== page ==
Head Injury at Root of Vacated AZ Execution

     (CN) – Vacating a death-row sentence in Arizona, a divided 9th Circuit found Monday that defense counsel neglected to thoroughly investigate whether the inmate was brain damaged a car crash years before killing two men in a drug deal gone bad.
     Eric Mann was convicted by a Tucson jury in 1994 for murdering Richard Alberts and Ramon Bazurto over $20,000 worth of cocaine. Mann had gotten away with the shootings since 1989, until his estranged girlfriend, Karen Miller, who had witnessed the crimes and their aftermath, turned on him in exchange for immunity.
     Despite several mitigating factors presented during the sentencing phase of the trial, including details about Mann’s abuse-plagued childhood and a 1985 head injury resulting from a car accident, the state court found Mann “incapable of remorse” and sentenced him to death for each of the murders.
     The Arizona Supreme Court later affirmed the sentence, and the U.S. Supreme Court denied review in 1997. Mann fared no better with his petition for post-conviction relief in state court, in which he alleged that his trial attorney had failed to properly investigate any brain damage that may have resulted from the accident. The court denied the petition and Arizona Supreme Court later denied review.
     Mann next took his claims to federal court in Tucson, where in 2009 his petition for habeas corpus relief was denied. Mann then appealed to the 9th Circuit, arguing that his attorney had neglected to call him as a witnesses during the guilt phase of the trial, and had failed to properly investigate the car accident for the sentencing phase.
     According to the 9th Circuit’s retelling of events, Mann had accidentally rolled his Jeep into a steep canyon in 1985 while driving with a friend’s ex-wife and 14-year-old daughter. Both passengers died in the crash and Mann had to be airlifted to the hospital.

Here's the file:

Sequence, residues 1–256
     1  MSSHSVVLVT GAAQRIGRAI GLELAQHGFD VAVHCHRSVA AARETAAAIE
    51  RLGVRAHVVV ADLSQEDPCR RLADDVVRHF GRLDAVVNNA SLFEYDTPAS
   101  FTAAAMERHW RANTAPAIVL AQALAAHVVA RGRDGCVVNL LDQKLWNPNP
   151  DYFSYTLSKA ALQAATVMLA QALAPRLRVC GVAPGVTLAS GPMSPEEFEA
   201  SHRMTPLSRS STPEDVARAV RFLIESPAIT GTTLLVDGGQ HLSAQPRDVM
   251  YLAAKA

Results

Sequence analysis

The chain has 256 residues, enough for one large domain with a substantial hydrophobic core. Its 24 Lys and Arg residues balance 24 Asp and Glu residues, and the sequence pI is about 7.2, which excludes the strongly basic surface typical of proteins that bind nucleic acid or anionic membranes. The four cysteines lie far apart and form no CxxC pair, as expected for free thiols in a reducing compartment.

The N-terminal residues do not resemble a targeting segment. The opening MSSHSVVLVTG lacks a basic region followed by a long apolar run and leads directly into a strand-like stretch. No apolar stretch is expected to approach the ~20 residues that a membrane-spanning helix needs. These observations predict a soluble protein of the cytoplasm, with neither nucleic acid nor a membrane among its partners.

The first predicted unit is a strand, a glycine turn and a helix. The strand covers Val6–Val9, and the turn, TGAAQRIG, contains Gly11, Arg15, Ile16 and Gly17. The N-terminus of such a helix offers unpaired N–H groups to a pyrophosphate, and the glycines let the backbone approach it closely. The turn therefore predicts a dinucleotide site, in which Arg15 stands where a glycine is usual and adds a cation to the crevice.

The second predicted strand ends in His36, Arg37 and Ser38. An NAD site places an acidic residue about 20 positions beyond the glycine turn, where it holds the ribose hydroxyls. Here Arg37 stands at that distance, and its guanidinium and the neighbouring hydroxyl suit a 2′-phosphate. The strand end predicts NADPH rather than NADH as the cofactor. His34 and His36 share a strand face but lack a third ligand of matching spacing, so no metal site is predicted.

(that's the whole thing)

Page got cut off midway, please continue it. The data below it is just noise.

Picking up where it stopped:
It found that Mann’s trial counsel had made a proper strategic decision in not calling Mann to the stand, but had also “provided constitutionally deficient representation during the sentencing phase of Mann’s trial.”
     The panel granted Mann’s habeas petition 2-1 Monday, “conditional on the state conducting a new sentencing.”
     “From Mann’s handwritten autobiography, counsel learned that Mann had sustained a concussion in his 1985 traffic accident, yet counsel made no effort to obtain medical records or otherwise investigate whether Mann had ever suffered from organic brain damage,” Judge Sidney Thomas wrote for the majority. “In declining to pursue that lead, counsel ignored a death penalty expert at the Phoenix Capital Representation Project who advised him to seek neuropsychological testing to detect the existence of organic brain damage, and he disregarded the fact that Arizona courts at the time placed ‘significant weight’ on brain injuries as mitigating evidence.”
     The majority concluded that, “had counsel performed adequately, there is a reasonable probability that the sentencers would have concluded that the balance of aggravating and mitigating factors did not warrant death.”
     Miller, the girlfriend, had also told the court that Mann used the money he earned selling cocaine to pay for his medical bills, and had become moody and depressed after the accident.
     Judge Alex Kozinski dissented in part, arguing, among other things, that the majority had overstepped its bounds by considering the merits of Mann’s claims instead of deferring to the findings of the state court.
     The panel dodged that deference when it found the state court had improperly held Mann to a more-likely-than-not standard for showing prejudice, rather than a “reasonable probability” standard.
     Kozinski decried this approach and predicted that the panel would itself be reversed in due time.
     “If we are not summarily reversed, Mann’s death sentence will surely be reimposed by the state court,” Kozinski wrote. “One way or the other, Mann will be executed, if he doesn’t die of old age first. But only after he – and the families of the two people he killed 25 years ago – endure what may be decades of further uncertainty. Where’s the justice in that?”

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